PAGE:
PNT Staff Report
Verna “Polly” Bigler cleaned relatives’ kitchens when they weren’t home, kept track of daily events on her family’s farm and kept her Christian faith through her battle with cancer, her daughter, Jackie Clark, said.
Bigler, 86, died of cancer Saturday.
She and her husband of 64 years, Ishmel “Panny” Bigler, raised two children and one of their three grandchildren on their farm near Melrose. From the family farm near Melrose, Bigler was involved in church, the Floyd Jamboree and the Busy Fingers Club.
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Bigler always wanted to be a nurse and was before her marriage, said Jackie Clark, her daughter. Then, Bigler became a devoted farmer’s wife.
“She worked out in the field a lot alongside my daddy most of those years,” Clark said.
Bigler continued to nurse the ailments of people she knew. After her husband was disabled in a farming accident in 1990, Bigler took care of him.
Until a few months before her death, most evenings Bigler made notes about the day’s events — such as weather, grocery shopping and national news. Neighbors would ask her about when a certain event happened, and the newspaper would call to get rainfall totals.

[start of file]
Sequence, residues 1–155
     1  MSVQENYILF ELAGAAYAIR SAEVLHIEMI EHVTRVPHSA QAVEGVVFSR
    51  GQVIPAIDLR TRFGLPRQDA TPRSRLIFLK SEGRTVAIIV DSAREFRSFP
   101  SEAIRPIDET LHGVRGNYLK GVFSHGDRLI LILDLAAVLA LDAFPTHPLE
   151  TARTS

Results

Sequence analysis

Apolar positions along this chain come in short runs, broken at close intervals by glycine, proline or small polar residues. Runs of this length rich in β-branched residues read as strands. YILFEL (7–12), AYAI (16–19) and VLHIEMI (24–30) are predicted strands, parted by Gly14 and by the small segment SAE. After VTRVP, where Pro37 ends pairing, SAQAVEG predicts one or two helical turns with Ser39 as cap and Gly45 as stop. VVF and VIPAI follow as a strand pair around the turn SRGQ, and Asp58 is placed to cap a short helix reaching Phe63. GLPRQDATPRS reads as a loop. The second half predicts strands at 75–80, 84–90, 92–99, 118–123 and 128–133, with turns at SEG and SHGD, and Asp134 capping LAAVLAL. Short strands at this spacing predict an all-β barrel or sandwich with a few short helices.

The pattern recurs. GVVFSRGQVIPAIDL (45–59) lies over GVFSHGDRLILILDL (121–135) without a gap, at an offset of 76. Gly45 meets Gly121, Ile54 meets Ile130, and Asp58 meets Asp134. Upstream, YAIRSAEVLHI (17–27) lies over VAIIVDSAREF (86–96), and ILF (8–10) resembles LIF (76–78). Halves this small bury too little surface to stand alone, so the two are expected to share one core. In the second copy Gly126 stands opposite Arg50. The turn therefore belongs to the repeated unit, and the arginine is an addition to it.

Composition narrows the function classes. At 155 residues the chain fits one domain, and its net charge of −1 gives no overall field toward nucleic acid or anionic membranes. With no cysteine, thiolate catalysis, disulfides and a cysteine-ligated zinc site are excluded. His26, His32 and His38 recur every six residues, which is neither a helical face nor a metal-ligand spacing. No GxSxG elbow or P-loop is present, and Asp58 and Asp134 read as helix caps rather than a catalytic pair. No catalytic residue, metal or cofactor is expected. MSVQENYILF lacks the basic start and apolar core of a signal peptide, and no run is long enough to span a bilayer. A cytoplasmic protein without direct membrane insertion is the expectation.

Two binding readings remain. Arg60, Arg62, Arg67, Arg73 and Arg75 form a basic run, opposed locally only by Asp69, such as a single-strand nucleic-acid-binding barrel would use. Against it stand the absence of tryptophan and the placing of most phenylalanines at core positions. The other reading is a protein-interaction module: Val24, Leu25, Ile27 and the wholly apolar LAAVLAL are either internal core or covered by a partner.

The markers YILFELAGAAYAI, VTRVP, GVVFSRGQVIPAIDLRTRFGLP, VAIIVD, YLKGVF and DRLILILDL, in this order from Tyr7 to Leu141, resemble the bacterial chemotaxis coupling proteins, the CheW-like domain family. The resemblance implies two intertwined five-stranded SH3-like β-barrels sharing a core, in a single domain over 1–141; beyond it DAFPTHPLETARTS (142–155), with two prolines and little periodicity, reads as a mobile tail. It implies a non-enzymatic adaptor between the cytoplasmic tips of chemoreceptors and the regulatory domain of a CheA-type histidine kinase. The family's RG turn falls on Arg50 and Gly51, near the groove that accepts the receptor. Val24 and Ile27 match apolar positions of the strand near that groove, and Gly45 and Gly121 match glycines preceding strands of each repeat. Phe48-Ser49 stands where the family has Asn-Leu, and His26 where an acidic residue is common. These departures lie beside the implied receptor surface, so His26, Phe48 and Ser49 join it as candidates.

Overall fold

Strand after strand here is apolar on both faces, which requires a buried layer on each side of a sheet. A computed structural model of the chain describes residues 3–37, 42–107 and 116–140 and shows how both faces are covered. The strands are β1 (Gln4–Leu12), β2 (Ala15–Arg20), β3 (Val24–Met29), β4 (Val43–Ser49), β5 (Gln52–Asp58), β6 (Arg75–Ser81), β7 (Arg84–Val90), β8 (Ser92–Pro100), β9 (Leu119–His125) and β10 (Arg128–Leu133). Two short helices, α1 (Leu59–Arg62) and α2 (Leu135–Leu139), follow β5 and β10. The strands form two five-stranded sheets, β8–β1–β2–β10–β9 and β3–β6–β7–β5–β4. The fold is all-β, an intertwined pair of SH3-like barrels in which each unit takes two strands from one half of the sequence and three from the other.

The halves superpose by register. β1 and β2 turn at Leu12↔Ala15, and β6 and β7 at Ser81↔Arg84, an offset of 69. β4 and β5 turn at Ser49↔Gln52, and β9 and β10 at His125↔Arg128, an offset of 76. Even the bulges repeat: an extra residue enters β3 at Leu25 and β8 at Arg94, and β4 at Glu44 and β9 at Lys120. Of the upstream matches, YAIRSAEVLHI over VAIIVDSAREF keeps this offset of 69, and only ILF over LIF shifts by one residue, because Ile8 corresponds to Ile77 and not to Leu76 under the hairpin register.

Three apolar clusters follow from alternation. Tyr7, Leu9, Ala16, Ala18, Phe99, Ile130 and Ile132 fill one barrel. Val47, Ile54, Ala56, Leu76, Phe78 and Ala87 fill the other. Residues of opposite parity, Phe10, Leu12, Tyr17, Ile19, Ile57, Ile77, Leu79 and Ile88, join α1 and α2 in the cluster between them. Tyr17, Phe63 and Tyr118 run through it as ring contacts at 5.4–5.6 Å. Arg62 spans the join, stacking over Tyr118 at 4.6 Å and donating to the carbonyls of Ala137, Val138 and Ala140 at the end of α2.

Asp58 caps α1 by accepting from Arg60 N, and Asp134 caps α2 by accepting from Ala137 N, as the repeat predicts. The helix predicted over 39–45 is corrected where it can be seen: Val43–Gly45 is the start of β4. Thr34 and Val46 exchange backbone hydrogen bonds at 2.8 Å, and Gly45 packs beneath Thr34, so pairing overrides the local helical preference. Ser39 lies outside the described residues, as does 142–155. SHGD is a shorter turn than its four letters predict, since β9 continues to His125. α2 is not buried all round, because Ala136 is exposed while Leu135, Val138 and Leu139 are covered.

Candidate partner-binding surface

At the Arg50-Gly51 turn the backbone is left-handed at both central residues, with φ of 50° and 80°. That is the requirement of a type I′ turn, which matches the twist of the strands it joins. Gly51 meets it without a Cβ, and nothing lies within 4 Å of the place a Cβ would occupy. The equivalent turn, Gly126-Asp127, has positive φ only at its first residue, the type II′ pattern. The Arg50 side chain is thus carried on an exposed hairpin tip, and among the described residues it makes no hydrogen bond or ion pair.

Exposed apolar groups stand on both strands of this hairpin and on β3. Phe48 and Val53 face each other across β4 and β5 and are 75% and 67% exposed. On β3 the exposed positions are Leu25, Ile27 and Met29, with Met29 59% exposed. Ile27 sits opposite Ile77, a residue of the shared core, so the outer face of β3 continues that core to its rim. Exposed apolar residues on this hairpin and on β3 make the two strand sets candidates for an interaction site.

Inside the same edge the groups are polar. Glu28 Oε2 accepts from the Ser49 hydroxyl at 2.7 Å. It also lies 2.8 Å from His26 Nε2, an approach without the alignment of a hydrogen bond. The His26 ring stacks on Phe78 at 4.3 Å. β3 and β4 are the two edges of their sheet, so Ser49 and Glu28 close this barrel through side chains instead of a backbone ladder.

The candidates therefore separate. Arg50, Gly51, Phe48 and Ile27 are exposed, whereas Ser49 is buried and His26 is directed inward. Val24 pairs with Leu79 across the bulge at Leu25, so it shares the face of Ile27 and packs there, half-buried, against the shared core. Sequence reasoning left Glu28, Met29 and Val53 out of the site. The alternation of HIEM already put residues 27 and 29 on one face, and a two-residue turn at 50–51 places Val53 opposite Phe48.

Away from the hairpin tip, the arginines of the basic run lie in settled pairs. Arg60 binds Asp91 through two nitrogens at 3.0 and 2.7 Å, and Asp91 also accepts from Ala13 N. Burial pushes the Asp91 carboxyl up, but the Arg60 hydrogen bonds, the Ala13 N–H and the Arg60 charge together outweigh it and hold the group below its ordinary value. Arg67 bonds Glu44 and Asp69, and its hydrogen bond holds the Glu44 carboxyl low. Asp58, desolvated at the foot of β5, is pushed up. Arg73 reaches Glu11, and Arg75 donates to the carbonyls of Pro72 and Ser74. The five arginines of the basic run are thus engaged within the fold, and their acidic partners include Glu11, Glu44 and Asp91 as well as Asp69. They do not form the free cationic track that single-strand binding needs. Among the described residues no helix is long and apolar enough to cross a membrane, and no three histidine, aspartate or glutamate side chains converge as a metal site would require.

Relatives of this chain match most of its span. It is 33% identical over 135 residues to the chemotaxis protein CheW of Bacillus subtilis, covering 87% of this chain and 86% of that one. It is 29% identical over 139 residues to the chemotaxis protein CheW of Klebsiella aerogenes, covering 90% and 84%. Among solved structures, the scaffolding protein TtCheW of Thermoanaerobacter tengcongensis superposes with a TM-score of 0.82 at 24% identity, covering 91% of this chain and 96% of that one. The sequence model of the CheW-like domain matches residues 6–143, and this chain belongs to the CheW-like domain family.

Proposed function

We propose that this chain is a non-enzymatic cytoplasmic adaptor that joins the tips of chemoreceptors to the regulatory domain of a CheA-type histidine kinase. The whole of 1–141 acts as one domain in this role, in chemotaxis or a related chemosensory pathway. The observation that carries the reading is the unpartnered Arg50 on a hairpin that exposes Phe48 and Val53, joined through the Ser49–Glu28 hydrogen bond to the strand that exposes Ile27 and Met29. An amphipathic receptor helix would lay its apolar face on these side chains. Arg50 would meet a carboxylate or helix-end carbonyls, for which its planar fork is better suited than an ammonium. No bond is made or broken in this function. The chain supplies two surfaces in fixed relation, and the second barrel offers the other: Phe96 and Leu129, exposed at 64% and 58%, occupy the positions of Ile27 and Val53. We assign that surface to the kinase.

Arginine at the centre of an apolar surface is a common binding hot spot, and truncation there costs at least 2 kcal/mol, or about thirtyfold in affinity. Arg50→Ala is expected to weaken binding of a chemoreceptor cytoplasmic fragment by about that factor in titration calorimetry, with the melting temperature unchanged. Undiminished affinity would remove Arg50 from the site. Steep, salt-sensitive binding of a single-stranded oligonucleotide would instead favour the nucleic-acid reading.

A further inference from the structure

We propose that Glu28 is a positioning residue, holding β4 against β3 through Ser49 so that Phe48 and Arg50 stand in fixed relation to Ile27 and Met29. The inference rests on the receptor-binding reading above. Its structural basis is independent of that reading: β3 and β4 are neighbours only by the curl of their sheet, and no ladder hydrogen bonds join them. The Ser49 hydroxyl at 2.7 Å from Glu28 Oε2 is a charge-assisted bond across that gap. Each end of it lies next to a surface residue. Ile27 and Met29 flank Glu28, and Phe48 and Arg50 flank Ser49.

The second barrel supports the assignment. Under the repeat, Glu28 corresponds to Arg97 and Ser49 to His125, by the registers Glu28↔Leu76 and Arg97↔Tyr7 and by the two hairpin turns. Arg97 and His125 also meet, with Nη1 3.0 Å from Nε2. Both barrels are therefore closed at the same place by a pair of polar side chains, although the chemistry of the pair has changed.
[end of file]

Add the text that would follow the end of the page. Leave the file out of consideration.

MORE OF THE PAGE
“She was a real historian,” Clark said.
Bigler also kept scrapbooks for the Floyd Jamboree.
Clark remembers her mother as a “gentle monarch.” Although she never yelled or lost her temper, her children knew her expectations and tried to please her.
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To her daughter and granddaughters, Clark said, Bigler was a best friend, adviser and supporter. If one of the younger women complained of a dirty kitchen with no time to clean it, she would come home to find that Bigler had made the place spotless.
“If she could help your life be better, that’s what she strived to do,” Clark said.
Bigler was a strong Christian who, when asked about her favorite Bible verse, said she liked them all.
“We did a lot of praying and praising God,” Clark said.
Bigler loved the holidays, in particular Easter.
“Even when the kids were grown, we always had Easter egg hunts,” Clark said.
With the Busy Fingers Club, Bigler and other women from the area met once a month to have lunch, help someone in need, paint each others’ houses and so on for about 40 years. The women performed an opening skit at the Floyd Jamboree for several years, Clark said.
“She enjoyed her home and her family, and she was content with that part of her life,” Clark said.